April 4 , 2024


La Réunion , Piton de la Fournaise :

Monthly newsletter. Paris Institute of Globe Physics / Piton de la Fournaise Volcanological Observatory.

Activity of Piton de la Fournaise
In March 2024, the OVPF-IPGP recorded a total of:
• 179 superficial volcano-tectonic earthquakes (0 to 2.5 km above sea level) under the summit craters;
• 1 deep earthquake (below sea level);
• 24 long-period earthquakes;
• 184 landslides.

The month of March 2024 will have been marked by an increase in seismicity under the summit from March 5, going from 1 superficial volcano-tectonic earthquake per day at the start of the month to 4 to 5 per day in the middle of the month, before falling again. at 1 per day at the end of the month.
Most of these earthquakes, of low magnitude (<1), cannot be localized, but 17 could be located under the Dolomieu crater between -500 and 1200 m above sea level.
Numerous (184) landslides in the Dolomieu Crater, at the Cassé de la Rivière de l’Est and at the level of recent lava flows were also recorded.

Peak inflation which stopped at the end of November 2023 resumed in February 2024. This slow inflation (the maximum elongation of the base of the terminal cone was approximately 2.5 cm in 1 month) is linked to a pressurization of the superficial magmatic reservoir located at a depth of 1.5-2 km under the craters. .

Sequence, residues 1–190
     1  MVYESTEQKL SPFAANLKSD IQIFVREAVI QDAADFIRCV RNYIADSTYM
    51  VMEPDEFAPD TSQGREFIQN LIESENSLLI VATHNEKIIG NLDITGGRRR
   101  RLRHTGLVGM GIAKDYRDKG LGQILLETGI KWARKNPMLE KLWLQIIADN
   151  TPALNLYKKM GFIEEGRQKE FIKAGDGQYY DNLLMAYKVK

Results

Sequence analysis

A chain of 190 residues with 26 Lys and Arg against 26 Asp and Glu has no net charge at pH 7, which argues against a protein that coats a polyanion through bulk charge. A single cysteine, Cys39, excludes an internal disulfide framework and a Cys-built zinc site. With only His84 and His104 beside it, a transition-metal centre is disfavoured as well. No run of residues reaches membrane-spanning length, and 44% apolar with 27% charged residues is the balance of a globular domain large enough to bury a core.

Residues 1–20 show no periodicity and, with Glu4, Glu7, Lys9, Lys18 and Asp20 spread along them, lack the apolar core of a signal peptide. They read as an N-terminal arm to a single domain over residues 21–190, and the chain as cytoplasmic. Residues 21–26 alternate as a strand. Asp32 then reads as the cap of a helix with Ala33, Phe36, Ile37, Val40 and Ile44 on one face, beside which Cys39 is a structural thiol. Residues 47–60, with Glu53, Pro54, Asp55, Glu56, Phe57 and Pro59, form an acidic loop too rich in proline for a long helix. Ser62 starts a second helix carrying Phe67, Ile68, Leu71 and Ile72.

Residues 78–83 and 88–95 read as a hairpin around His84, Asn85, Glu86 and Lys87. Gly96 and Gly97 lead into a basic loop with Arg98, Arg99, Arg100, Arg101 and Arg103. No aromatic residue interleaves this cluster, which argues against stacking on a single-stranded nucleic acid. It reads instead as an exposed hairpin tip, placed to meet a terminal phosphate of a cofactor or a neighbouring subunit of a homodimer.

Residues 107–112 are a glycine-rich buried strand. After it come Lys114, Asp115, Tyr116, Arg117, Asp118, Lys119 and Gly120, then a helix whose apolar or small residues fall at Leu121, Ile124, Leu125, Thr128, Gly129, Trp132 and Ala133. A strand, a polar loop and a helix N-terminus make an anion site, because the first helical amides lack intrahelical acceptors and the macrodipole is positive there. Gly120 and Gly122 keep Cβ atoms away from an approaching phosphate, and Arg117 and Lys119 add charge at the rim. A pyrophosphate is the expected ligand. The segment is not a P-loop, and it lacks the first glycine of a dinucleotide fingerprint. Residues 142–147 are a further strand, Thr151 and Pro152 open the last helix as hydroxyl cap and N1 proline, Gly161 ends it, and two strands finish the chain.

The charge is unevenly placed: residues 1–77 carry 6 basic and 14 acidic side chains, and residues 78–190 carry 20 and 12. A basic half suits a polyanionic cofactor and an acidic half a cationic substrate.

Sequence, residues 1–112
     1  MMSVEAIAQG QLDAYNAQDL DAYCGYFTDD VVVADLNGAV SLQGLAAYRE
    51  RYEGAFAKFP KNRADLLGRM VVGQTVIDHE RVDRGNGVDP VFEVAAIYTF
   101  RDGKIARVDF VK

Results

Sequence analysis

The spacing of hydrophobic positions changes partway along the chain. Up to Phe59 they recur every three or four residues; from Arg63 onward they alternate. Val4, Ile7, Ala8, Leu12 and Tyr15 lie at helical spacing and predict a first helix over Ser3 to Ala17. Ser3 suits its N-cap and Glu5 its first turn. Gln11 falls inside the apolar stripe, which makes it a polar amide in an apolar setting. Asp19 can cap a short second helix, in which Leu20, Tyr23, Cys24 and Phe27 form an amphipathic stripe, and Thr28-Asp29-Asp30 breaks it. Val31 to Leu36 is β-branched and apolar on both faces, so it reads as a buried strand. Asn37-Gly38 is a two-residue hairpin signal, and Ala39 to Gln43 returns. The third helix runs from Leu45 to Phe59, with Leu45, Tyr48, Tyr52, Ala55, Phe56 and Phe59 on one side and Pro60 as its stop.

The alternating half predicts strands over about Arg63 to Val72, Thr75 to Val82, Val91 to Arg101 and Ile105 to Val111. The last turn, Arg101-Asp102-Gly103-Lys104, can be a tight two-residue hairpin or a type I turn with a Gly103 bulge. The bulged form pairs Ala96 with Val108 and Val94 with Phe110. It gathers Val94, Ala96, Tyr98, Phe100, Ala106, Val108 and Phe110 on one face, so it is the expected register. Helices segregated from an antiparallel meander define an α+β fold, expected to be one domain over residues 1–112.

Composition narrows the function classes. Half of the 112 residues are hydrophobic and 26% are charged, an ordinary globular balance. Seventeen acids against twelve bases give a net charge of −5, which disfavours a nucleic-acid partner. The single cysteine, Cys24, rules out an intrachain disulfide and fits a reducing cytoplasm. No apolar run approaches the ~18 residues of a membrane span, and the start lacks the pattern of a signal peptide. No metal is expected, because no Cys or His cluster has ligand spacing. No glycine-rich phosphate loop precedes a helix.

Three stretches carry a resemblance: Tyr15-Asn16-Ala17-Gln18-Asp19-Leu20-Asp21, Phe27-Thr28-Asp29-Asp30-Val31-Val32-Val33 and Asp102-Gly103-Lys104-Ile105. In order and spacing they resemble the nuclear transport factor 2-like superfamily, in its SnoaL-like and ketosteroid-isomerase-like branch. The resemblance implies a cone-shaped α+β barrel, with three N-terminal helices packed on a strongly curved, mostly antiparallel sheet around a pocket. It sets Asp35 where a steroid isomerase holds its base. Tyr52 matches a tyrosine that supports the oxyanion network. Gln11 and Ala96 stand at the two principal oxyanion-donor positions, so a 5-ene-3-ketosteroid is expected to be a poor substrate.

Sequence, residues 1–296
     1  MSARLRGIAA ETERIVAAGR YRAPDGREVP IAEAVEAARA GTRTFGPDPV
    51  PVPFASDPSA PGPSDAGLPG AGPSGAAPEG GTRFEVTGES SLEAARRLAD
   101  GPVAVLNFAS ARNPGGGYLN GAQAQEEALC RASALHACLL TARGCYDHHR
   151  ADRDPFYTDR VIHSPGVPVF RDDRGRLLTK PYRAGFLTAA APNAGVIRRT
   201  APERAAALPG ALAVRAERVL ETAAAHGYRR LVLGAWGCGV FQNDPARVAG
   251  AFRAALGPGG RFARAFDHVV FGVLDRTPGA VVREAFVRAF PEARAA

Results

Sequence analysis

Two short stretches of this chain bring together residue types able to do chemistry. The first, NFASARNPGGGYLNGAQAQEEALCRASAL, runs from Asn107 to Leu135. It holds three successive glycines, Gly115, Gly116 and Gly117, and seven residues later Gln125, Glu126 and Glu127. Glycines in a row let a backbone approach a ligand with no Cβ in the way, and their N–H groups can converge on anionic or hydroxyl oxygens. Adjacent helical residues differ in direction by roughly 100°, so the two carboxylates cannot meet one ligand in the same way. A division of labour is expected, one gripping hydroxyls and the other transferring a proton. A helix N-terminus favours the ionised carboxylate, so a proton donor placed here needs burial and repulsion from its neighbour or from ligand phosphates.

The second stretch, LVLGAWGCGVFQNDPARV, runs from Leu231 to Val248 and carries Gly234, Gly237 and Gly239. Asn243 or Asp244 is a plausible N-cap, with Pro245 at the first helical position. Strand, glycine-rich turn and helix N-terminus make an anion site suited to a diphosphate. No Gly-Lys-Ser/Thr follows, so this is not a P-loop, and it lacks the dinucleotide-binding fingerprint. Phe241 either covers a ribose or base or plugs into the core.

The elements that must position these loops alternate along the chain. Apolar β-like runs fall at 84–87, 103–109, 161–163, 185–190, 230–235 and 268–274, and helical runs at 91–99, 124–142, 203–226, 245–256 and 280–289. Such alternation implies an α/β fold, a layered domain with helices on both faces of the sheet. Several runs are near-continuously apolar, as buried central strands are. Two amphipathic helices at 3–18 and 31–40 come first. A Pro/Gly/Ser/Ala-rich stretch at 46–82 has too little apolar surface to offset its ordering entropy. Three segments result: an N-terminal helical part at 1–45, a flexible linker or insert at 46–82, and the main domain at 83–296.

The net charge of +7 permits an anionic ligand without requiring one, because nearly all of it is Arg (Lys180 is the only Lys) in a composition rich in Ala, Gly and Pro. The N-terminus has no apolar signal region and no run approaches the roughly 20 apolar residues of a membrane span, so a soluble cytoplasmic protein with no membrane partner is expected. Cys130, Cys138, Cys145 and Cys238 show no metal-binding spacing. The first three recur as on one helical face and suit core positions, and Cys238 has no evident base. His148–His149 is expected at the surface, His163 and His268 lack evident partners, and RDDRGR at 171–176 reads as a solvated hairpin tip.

Balance sheet
The increase in seismicity in March 2024 follows a resumption of inflation of the volcanic edifice since the second half of February 2024. This inflation – whose source is centered under the summit – is linked to the pressurization of the reservoir superficial, located at approximately 1.5-2 km depth under the Dolomieu crater.
The appearance of seismicity at the roof of the reservoir shows that this pressurization process is intensifying, even if the number of earthquakes decreased at the end of the month and the associated magnitudes remain moderate.
Note that this process of pressurization of the surface reservoir can last several days to several weeks before the roof of the reservoir weakens and ruptures, thus giving rise to an injection of magma towards the surface and an eruption, but can also stop without giving rise – in the short term – to an eruption.

Source et photo : OVPF


Iceland , Reykjanes Peninsula :